Alan Gaffney will have little doubt about the size of the task facing him at Northampton Saints following their 50-21 Aviva Premiership defeat to Harlequins at Twickenham.
It is unclear how much of Saints’ season the incoming technical coaching consultant — who arrives in the UK Sunday — will have seen at home in Australia, but he would need only a tape of this game. His new side’s shortcomings were on display for all to see in south-west London.
Gaffney officially begins his new role on Jan. 1 and the first issue on his agenda at Franklin’s Gardens must be to instil some confidence in a side that has now lost 12 of its last 13 matches in all competitions.
Belief is a tricky thing. Northampton began on the front foot in front of a bumper crowd of 77,825 at Twickenham, but having kept their hosts penned inside their own 22 for the opening four minutes it drained from the visitors completely as Quins turned the tables.
From then on the writing looked to be on the wall for a Saints side whose last visit to Twickenham ended in a similar humiliation at the hands of Saracens.
But it was the speed with which the team capitulated that should worry Gaffney. Once Dave Ward had burst through a hole in the Northampton defence and onto a fine pass from Kyle Sinckler, the floodgates opened.
It only took the hosts 10 minutes more to score another two tries — through Charlie Walker and Tim Visser — while the latter had a score disallowed for a foot in touch and the bonus point was wrapped up with little over half an hour on the stadium clock.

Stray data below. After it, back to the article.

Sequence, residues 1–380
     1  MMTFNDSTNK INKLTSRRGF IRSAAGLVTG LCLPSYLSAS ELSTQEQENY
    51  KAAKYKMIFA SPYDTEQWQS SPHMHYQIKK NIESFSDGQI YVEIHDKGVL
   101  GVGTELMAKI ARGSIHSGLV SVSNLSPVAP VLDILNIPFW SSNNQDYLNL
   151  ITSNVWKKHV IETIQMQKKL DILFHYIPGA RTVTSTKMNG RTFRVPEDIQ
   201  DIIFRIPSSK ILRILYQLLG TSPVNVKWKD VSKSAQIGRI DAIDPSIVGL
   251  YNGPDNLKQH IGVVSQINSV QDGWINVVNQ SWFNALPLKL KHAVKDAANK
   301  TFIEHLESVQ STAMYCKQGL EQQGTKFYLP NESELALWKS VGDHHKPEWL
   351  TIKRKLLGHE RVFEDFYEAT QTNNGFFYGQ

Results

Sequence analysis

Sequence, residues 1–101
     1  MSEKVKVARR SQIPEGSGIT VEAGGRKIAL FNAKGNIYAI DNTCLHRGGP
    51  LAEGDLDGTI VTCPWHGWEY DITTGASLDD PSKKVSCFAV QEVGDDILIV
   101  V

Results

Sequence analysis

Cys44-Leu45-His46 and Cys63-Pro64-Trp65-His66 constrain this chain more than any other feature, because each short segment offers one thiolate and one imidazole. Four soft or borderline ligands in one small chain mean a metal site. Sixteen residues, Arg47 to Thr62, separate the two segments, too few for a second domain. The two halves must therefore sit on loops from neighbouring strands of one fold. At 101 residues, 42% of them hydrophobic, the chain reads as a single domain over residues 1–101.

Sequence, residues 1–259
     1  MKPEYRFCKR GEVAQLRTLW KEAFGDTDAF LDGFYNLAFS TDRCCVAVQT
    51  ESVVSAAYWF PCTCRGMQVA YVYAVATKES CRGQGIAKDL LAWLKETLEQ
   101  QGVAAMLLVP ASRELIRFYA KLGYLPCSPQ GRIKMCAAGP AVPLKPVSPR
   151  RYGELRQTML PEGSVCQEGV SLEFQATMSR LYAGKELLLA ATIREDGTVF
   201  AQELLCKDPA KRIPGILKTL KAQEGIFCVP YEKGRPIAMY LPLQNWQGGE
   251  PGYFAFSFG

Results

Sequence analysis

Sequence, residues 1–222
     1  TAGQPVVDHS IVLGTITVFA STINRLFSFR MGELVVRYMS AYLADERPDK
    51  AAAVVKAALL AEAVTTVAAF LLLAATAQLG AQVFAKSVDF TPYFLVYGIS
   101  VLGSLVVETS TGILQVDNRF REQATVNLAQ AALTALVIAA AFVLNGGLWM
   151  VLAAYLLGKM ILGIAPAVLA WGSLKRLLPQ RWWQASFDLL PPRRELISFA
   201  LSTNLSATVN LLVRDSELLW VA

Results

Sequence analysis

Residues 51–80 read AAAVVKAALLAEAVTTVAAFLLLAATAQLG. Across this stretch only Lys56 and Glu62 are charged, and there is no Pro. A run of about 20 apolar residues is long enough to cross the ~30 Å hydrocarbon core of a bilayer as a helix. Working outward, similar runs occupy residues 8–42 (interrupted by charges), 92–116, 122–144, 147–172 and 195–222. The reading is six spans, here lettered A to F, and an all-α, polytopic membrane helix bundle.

Quins do favour an expansive game but at times it looked as though Northampton had forgotten how to defend as they were carved open almost at will.
Gloucester coach Johan Ackermann has spoken this season about helping his players learn to love defence and that is something that Gaffney — a backs coach by trade — must help instil a similar passion for the dark arts at Saints. Too many experienced players — Harry Mallinder and Ben Foden among them — made mistakes when it mattered most.
Overall it was not pretty for the visitors, who missed 32 tackles in all as Quins enjoyed almost two-thirds possession and territory.
Saints did recover in the second half — as they did against Saracens here in September and against Ospreys earlier this month — crossing the whitewash twice after James Chisholm had been sent to the sin bin. But the damage had already been done, and that the team consistently finds itself in these positions speaks to a wider problem.
“We didn’t control the game,” Northampton coach Alan Dickens said after the game. “The game was done inside 30 minutes which was very disappointing.”
Dickens, who visited Gaffney in Australia last summer, added: “I put it down to confidence. It looked like, to me today, they score a couple of tries and our heads go down. I’ve been asked about it in terms of the formula, ‘what do we need to do?’
“To get the confidence, ultimately I think we need to win.”
Gaffney will wipe the slate clean, of course, when he officially starts work on Monday and well he should. But injuries were not kind on Northampton at Twickenham, the club possesses a squad stacked with fine players, from Dylan Hartley, through to Courtney Lawes, Tom Wood, Luther Burrrell and George North — although the latter hobbled off minutes into his return.
But the Australian needs to find a way to give his new side the confidence in attack and defence that will unlock its potential. He needs to make sure that this result is rock bottom, and not just another below par performance to add to the rest.